Famine threatens in Somalia, but many ‘hunger hotspots’ have major problems


In Somalia, “hundreds of thousands are already facing famine today and a staggering level of malnutrition is expected among children under the age of five,” warned the Food and Agriculture Organization (FAO) and the World Food Program (WFP).

‘Large-scale deaths from hunger’ are increasingly likely in the East African nation, UN agencies went further, noting that unless “adequate” aid arrives, analysts expect “as many as four children or two adults per 10,000 people will die every day” by December.

Complex roots

In addition to the emergency already unfolding in Somalia, UN agencies have signaled 18 deeper issues regarding “hunger hotspots”, the problems of which have been caused by conflict, drought, economic uncertainty, the COVID pandemic and the Russian invasion of Ukraine.

Humanitarians are particularly concerned about Afghanistan, Ethiopia, South Sudan, Somalia and Yemen, where a record 970,000 people are expected to “suffer from catastrophic hunger and go hungry or expected to starve or risk worsening to catastrophic.” circumstances if no action is taken. the UN agencies said.

This is ten times more than six years ago, when only two countries had populations so badly food insecure, FAO and WFP noted, in a new report.

Urgent humanitarian action is needed and on a large scale in all these high-risk countries “to save lives and livelihoods” and prevent famine, the UN agencies urged.

Hard winter harvest

According to FAO and WFP, acute food insecurity around the world will worsen from October to January.

In addition to Somalia, they stressed that the problem was also acute in the wider Horn of Africa, where the longest drought in more than 40 years is expected to continue. push people to the brink of starvation”.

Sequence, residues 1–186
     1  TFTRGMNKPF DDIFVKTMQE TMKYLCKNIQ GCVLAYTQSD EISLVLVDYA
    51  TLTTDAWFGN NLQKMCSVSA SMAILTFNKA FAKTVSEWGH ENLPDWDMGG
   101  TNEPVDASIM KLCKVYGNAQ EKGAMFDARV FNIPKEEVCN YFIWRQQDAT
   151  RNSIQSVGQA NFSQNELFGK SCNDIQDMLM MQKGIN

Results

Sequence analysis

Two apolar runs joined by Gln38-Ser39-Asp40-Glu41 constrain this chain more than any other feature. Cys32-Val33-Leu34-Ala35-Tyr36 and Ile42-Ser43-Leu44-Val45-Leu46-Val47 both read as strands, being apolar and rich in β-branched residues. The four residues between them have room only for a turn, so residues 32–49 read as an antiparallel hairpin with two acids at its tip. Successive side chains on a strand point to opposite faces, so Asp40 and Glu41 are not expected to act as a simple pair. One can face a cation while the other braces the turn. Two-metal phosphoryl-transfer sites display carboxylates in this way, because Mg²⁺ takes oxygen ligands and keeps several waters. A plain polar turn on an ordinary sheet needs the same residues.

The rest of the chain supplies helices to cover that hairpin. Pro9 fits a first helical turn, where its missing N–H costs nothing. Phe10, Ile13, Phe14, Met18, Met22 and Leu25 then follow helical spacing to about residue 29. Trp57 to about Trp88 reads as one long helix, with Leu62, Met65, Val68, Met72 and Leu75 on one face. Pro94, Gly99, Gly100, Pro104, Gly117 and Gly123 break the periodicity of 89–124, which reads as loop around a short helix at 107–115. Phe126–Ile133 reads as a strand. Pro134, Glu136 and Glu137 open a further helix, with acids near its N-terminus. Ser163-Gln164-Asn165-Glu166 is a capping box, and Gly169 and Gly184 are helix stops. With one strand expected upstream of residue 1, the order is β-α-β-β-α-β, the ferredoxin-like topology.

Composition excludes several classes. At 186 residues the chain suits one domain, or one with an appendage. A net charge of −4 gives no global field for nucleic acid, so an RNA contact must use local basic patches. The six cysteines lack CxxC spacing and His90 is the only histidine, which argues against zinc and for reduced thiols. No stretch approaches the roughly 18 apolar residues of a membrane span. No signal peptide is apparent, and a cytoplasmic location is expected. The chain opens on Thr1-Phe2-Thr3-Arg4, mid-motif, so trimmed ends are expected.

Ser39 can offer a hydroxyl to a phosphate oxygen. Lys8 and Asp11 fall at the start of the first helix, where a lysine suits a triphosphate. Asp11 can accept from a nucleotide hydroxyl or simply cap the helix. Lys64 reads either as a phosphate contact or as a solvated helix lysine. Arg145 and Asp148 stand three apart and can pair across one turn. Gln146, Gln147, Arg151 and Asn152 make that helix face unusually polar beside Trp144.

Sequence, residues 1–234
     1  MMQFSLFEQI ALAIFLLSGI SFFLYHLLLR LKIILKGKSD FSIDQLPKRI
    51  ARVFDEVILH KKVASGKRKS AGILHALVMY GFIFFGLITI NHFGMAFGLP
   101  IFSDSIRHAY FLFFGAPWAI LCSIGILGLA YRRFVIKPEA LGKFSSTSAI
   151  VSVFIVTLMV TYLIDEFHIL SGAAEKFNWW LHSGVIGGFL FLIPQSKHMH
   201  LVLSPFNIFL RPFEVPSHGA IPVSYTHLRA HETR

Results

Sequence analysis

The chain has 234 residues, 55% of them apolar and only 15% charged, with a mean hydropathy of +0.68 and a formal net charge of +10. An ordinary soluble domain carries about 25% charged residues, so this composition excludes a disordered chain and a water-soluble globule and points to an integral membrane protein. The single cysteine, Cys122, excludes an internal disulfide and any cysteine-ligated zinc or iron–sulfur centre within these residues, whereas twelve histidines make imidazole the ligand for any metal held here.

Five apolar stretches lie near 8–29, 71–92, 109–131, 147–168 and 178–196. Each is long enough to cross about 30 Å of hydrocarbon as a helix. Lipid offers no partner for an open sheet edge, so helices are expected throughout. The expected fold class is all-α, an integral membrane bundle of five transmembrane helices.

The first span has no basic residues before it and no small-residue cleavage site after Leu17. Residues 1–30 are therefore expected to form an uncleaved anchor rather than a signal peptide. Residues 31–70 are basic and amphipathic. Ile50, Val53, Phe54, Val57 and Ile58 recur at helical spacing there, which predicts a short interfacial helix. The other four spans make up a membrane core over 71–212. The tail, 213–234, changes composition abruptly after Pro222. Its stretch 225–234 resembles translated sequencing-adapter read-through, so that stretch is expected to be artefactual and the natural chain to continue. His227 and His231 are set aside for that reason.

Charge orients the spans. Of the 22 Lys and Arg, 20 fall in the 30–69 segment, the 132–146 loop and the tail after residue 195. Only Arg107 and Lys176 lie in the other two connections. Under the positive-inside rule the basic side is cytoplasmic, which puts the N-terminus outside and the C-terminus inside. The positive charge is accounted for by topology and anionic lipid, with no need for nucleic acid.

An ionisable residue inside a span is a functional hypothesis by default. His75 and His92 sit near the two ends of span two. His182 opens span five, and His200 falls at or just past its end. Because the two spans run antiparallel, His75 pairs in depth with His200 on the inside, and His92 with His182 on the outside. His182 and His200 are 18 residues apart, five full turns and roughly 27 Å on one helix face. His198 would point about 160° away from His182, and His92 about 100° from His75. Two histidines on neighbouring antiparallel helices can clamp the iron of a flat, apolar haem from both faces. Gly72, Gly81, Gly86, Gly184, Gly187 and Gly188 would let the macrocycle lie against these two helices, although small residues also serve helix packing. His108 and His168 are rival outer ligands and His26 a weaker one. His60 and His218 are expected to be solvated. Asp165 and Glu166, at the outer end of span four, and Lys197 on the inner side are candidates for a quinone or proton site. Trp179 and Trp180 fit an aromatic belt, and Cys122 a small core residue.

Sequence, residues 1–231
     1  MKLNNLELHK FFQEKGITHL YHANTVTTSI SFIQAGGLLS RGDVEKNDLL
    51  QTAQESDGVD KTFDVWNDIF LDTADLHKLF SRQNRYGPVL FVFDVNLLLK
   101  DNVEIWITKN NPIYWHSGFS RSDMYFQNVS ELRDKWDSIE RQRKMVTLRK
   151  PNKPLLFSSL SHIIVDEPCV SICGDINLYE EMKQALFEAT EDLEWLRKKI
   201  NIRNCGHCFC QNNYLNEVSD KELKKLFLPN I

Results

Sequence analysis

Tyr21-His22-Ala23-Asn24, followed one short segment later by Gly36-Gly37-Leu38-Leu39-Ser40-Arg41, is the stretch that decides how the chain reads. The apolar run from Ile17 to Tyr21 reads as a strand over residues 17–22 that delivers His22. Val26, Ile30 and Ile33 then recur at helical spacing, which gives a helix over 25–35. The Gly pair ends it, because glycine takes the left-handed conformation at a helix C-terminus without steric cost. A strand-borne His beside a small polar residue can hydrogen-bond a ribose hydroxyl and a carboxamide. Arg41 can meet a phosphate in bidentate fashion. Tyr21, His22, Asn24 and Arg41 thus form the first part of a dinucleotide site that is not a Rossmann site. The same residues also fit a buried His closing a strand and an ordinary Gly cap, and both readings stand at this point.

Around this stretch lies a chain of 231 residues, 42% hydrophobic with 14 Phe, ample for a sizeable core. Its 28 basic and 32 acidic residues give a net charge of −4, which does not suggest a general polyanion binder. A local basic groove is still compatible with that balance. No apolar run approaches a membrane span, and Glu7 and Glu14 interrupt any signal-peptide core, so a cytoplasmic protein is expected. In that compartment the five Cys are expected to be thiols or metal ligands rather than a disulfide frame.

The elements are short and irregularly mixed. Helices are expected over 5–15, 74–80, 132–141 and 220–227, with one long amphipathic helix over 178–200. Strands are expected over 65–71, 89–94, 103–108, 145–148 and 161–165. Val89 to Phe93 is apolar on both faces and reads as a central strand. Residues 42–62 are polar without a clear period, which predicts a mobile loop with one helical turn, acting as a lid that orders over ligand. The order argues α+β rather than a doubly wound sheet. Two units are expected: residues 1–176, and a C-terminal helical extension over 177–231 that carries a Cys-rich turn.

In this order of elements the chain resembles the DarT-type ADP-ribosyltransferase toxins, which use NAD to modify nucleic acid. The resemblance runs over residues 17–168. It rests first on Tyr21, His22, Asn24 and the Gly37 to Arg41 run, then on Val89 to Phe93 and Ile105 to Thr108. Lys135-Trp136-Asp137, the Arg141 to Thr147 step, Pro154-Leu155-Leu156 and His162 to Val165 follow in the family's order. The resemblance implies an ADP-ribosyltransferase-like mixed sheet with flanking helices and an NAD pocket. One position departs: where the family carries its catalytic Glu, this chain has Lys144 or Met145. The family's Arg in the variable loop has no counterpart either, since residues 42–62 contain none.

Successive failed rains have destroyed people’s crops and killed their livestock “on which their survival depends,” said FAO Director-General QU Dongyu, warning that “people in the poorest countries” were most at risk from acute food security that was “rising rapidly.” “. and spread all over the world”.

FAO’s QU calls for massive aid scaling

Vulnerable communities “have yet to recover from impact of COVID-19 pandemic, suffering ripple effects of ongoing conflictin terms of prices, food and fertilizer supplies, as well as the climate emergency,” the FAO chief continued.


Women feed their children at a feeding center in South Sudan.

He insisted that “without a massively scaled-up humanitarian response” to sustain agriculture, “the situation is likely to worsen in many countries in the coming months.”

Heeding that message, WFP Director David Beasley called for immediate action to prevent people from dying.

We urgently need help for those at serious risk of starvation in Somalia and the world’s other hunger hotspots,” he said.

Perfect storm of trouble

“This is the third time in 10 years that Somalia has been threatened with devastating famine,” continued Mr. Beasley.

“The famine in 2011 was caused by two consecutive failed rainy seasons and conflict. Today we are staring at a perfect storm: a likely fifth consecutive failed rainy season in which the drought will continue well into 2023.”

In addition to rising food prices, those most at risk from acute food insecurity also have “severely limited opportunities” to earn a living because of the pandemic, the WFP chief explained, as relief teams prepare for famine in Somalia’s Baidoa and Burhakaba districts. in the region of the bay, come in October.

Among the “highest alert” countries – identified as Afghanistan, Ethiopia, Nigeria, South Sudan, Somalia and Yemen – the joint FAO-WFP report states that the Democratic Republic of Congo, Haiti, Kenya, the Sahel, Sudan and Syria “very worrying”alongside newcomers the Central African Republic and Pakistan.

Guatemala, Honduras and Malawi have also been added to the list of countries with hunger hotspots, along with Madagascar, Sri Lanka and Zimbabwe.

Barriers to Help

Humanitarian aid is critical to save lives and prevent hunger, death and the total collapse of livelihoods, the FAO and WFP emphasize, while in 11 of 19 they highlight the chronic access problems caused by “insecurity, administrative and bureaucratic barriers, movement restrictions and physical barriers”. hotspot countries.

This includes “all six countries where populations face or are expected to starve … or risk deteriorating toward catastrophic conditions,” they said.

Mothers take their children to a WFP-supported malnutrition treatment clinic in Taiz, Yemen.

© WFP/Albaraa Mansour

Mothers take their children to a WFP-supported malnutrition treatment clinic in Taiz, Yemen.

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